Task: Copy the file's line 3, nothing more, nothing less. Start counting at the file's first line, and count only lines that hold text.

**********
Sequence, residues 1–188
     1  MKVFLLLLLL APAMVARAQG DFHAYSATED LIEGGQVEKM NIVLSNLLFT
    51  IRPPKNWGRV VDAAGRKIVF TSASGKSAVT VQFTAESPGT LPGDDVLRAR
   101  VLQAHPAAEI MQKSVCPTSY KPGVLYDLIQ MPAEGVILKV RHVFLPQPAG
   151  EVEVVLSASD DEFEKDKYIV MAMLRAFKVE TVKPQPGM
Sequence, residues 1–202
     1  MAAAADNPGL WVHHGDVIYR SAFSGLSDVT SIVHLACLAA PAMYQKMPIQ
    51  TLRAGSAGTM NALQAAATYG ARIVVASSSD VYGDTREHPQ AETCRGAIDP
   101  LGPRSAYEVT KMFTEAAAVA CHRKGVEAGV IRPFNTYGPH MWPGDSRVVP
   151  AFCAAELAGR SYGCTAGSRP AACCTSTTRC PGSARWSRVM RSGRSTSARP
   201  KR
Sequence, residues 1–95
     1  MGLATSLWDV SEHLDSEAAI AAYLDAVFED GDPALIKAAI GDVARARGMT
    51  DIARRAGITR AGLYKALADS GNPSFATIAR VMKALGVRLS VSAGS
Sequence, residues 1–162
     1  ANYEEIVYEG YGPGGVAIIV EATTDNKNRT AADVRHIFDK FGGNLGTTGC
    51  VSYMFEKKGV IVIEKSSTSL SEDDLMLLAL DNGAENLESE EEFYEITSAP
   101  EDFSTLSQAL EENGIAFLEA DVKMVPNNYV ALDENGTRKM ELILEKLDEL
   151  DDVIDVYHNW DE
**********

    51  IRPPKNWGRV VDAAGRKIVF TSASGKSAVT VQFTAESPGT LPGDDVLRAR